Filed under 19th century history

Launch Date!

Launch Date!

My three books will be released on an unsuspecting (except for you dear readers) public on September 24. If you’re in the Cardiff area you will be welcome at the launch.

The Books are Written!

The Books are Written!

Hello lovely readers! I apologise yet again for my long silence, but it has been productive.  I have now cleared away most of my research books and notes so I am no longer at risk of breaking my neck every time I move around my workroom. I have completed my three books which will be … Continue reading

Me in Tin Type

I hate having my photo taken but the chance of being immortalised in a mid 19th century technology was irresistible. Magical watching the image slowly appear, hair first. The photo is by Gareth Jarvis

Curiosities at Gloucester Folk Museum

Curiosities at Gloucester Folk Museum

Sometimes I find references to items which I really need to see to understand. Fortunately some museums have handling exhibitions which help. This was a Tudor exhibit at the recent doors open day. This is a trencher, a precursor of plates. It’s only a few inches across as they did not have all the food … Continue reading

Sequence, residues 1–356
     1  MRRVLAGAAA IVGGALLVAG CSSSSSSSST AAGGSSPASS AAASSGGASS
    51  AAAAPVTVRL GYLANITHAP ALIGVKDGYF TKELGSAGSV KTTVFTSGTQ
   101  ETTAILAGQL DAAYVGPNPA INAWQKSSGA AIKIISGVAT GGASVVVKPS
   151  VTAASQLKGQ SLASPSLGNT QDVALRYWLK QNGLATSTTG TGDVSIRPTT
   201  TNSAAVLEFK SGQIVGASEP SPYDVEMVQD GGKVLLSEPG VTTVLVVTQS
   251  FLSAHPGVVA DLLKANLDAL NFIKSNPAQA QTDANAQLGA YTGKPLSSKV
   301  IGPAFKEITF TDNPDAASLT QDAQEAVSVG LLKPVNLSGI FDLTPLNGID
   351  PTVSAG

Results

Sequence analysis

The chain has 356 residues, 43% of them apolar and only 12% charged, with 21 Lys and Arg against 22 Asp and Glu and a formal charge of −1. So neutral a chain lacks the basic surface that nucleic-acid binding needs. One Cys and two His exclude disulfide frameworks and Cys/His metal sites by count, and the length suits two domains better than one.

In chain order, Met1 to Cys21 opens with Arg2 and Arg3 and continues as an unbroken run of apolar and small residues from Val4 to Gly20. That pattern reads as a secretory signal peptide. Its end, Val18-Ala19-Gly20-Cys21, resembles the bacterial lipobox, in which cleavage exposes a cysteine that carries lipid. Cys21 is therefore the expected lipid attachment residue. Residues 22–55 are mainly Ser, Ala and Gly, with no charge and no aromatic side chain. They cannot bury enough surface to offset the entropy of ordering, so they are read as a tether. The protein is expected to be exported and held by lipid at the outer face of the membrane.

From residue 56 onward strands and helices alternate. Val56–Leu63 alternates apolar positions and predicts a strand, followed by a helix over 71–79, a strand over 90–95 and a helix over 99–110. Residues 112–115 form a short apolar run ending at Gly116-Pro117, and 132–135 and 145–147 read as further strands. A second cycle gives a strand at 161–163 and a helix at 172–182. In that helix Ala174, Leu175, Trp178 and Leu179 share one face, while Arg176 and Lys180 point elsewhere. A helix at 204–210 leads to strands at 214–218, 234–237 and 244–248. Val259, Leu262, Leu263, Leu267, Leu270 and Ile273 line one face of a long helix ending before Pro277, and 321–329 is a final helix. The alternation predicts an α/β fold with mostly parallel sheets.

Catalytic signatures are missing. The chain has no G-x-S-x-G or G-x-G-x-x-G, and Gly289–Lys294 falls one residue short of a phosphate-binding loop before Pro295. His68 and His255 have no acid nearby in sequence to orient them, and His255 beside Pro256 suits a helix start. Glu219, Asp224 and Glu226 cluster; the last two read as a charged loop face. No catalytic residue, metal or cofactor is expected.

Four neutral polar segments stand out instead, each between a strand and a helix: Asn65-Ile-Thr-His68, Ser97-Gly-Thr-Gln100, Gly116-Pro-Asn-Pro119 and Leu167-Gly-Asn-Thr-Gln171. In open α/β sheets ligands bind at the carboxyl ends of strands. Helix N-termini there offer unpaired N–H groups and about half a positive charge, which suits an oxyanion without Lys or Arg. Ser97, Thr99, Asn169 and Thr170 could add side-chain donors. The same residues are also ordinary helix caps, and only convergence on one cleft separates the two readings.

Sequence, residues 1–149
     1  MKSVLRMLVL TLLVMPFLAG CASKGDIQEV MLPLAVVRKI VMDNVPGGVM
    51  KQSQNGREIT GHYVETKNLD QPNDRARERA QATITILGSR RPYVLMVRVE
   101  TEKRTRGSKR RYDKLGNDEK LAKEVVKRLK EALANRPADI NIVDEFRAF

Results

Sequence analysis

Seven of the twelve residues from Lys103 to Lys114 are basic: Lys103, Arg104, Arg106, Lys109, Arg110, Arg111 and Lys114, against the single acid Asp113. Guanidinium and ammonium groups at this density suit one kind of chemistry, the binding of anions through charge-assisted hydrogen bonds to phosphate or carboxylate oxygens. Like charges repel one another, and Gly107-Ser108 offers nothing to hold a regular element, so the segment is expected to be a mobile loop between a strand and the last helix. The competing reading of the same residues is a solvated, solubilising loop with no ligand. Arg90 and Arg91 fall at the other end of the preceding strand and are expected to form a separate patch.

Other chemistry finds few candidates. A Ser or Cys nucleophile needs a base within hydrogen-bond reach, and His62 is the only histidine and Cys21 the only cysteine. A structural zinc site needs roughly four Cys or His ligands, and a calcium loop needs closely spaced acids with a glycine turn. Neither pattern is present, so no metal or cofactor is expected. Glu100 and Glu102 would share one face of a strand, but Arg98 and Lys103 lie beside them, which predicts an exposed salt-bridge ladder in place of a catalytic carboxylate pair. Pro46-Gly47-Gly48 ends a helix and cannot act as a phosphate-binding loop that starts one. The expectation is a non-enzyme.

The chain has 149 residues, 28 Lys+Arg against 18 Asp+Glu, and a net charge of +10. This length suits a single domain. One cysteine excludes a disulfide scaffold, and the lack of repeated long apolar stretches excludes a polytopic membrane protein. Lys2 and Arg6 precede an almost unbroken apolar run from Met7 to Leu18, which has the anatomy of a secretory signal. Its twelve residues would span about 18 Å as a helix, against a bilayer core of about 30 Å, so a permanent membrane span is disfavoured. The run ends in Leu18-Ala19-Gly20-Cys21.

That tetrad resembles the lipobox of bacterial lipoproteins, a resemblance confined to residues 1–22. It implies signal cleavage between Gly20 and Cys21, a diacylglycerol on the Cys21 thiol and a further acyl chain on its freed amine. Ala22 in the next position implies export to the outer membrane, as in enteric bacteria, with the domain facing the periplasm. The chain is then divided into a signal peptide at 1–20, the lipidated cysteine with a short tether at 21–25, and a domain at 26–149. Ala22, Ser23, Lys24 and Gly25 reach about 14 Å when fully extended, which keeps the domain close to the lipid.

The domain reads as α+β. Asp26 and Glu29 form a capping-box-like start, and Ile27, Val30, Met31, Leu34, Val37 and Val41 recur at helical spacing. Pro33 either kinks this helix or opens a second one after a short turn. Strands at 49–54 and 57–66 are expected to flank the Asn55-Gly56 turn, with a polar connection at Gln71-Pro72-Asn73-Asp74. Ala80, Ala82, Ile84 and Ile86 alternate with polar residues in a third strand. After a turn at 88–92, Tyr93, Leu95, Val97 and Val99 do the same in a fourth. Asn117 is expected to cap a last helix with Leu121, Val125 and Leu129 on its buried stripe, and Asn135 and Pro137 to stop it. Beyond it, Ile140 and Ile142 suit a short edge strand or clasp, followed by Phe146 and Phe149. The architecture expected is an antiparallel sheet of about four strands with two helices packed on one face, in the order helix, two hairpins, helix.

Still Grieving Lost Children

Still Grieving Lost Children

This is really sad, from Joseph Leech’s Rural Rides, from the churchyard at Keynsham, though the author could have been a bit more diplomatic: My attention was attracted by 2 very antiquated crones, who came hobbling towards me over the graves which, in the course of nature, they ought to have long since filled; both … Continue reading

Paupers Riot 1830

Paupers Riot 1830

Here’s another horror story from Bristol’s past which serves as a warning of where we may be heading. The 1840s was a time of massive social upheaval across Europe, echoing the previous century’s ‘hungry forties’, but the problems were soaring in the 1830s. In Bristol, trade declines, so many workers were reduced to pauperism and … Continue reading

Wellington’s Victory Dinner Service

The Duke of Wellington is one of Britain’s greatest military heroes, but he was also seen as a saviour in Spain and Portugal. In the V&A is this huge dinner set commissioned by these grateful nations, produced 1813-16  

Forth Bridge and Britain’s Decline

Forth Bridge and Britain’s Decline

This is from a piece by Ian Jack who remembered the opening of its predecessor 53 years ago. What has been lost? Odd little things: a quiet pice of shoreline a view, a further erosion of Fife’s separateness – which could be argued is for the good. The argument against the car is a bigger … Continue reading